Following the death of his wife, a father of three sons (aged 18, 14 and 6) hires an attractive young housekeeper named Angela (Laura Antonelli), and soon becomes engaged to her.
However, the one most obsessed with her is the middle son, the teenager Nino. He blackmails her into eventually tolerating his increasingly aggressive physical sexual harassments.
It all culminates one night before she marries his father. During the night the electricity goes off. As his father and older brother are away, and with his younger brother asleep, Nino approaches his housekeeper with a flashlight and orders her to undress. She gives in after an initial physical protest, but runs away after finishing undressing. Nino chases her with the flashlight until he accidentally drops it. With the flashlight in her own hands, Angela decides it is time to turn the tables. She blinds Nino with the flashlight and when he tries to reach for it, she pins him to a nearby bed and has sex with him while rushing him to "Fotti! Fotti!" ("Fuck! Fuck!"). With Nino finally losing control over her, she marries his father the following day and his father instructs Nino to refer to her as "Mamma" from then on.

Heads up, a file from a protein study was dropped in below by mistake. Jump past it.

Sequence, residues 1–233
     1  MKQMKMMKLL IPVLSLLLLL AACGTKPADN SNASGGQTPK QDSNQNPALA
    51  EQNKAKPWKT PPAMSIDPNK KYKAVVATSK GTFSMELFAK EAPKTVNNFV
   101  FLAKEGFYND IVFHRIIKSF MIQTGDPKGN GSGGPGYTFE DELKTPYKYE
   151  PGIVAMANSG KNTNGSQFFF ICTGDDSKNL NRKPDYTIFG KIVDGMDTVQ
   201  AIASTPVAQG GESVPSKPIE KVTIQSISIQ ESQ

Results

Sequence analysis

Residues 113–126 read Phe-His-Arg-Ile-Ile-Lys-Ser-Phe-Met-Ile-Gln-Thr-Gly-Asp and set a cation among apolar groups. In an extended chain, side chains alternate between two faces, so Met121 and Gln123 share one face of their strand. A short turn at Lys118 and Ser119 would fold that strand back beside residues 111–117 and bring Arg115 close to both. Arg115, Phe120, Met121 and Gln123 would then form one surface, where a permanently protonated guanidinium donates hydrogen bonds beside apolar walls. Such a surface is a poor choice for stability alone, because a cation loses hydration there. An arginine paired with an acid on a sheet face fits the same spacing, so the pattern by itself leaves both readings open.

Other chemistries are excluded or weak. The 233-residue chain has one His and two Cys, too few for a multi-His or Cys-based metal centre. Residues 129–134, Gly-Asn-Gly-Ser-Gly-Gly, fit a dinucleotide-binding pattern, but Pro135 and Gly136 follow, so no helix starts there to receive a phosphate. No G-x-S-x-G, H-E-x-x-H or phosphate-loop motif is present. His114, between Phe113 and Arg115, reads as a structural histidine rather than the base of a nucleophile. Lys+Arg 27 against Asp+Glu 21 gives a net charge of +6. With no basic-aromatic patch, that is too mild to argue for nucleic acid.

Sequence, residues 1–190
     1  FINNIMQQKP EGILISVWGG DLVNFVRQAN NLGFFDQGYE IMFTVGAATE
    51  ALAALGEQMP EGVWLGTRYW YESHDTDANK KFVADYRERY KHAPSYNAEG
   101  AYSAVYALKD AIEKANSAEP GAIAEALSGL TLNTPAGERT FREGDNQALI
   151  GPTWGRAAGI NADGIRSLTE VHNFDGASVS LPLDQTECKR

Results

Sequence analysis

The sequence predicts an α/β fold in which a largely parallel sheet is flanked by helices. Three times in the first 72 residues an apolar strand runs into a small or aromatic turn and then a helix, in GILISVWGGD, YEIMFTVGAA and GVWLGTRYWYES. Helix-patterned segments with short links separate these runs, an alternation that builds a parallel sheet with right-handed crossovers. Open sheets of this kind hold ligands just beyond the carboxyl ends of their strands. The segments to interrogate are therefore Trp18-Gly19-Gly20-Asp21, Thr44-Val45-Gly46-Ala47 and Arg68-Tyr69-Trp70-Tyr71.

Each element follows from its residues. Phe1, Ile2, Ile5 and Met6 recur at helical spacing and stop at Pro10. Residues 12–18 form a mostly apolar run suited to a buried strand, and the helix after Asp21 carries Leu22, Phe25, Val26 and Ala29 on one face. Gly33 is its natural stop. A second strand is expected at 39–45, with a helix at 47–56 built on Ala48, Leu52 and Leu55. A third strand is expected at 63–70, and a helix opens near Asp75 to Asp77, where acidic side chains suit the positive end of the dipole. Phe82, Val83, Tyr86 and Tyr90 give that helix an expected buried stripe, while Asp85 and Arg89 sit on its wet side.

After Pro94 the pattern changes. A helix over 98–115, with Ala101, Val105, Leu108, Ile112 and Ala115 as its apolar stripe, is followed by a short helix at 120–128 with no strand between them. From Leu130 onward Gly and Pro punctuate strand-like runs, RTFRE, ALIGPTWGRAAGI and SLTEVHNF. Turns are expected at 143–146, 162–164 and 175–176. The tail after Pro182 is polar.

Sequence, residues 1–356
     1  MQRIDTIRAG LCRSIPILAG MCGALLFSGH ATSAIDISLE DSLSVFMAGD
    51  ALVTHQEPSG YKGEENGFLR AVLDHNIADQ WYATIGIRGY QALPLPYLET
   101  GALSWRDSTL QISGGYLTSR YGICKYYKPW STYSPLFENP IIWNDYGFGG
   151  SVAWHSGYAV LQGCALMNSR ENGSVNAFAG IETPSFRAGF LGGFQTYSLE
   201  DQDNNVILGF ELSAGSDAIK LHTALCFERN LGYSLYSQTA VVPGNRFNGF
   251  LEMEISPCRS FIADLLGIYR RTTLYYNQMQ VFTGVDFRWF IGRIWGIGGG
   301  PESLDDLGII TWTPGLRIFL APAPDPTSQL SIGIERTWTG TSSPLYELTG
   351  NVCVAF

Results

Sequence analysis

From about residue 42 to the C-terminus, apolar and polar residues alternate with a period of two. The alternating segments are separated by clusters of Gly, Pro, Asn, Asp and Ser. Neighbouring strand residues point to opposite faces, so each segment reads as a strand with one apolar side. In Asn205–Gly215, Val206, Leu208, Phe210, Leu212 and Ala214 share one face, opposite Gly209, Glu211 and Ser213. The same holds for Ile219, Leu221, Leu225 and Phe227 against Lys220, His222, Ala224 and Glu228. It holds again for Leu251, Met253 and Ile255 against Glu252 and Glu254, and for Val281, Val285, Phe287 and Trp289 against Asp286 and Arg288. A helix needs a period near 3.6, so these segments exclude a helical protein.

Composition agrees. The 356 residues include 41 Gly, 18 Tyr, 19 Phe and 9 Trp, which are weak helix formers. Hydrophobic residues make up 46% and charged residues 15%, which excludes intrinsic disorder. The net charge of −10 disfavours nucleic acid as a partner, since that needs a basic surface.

Read more about this topic: Malicious (1973 Film)
Other articles related to "plot, plots":
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... Zoltan opens another coffin shaken loose from the crypt, this one holding the body of an innkeeper, Nalder, who once owned the crypt ... Zoltan removes the stake from the innkeeper's chest, reanimating the innkeeper ...
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... the throne of Scotland in 1567, she became the focus of numerous plots and intrigues to restore England to the Catholic fold ... the queen, even if the claimant were ignorant of the plot, would be excluded from the line and executed ... provided for the execution of anyone who would benefit from the death of the Queen if a plot against her was discovered ...
Famous quotes containing the word plot:
“Ends in themselves, my letters plot no change;
They carry nothing dutiable; they wont
Aspire, astound, establish or estrange.”
—Philip Larkin (19221986)
“The plot was most interesting. It belonged to no particular age, people, or country, and was perhaps the more delightful on that account, as nobodys previous information could afford the remotest glimmering of what would ever come of it.”
—Charles Dickens (18121870)
“But, when to Sin our byast Nature leans,
The careful Devil is still at hand with means;
And providently Pimps for ill desires:
The Good Old Cause, revivd, a Plot requires,
Plots, true or false, are necessary things,
To raise up Common-wealths and ruine Kings.”
—John Dryden (16311700)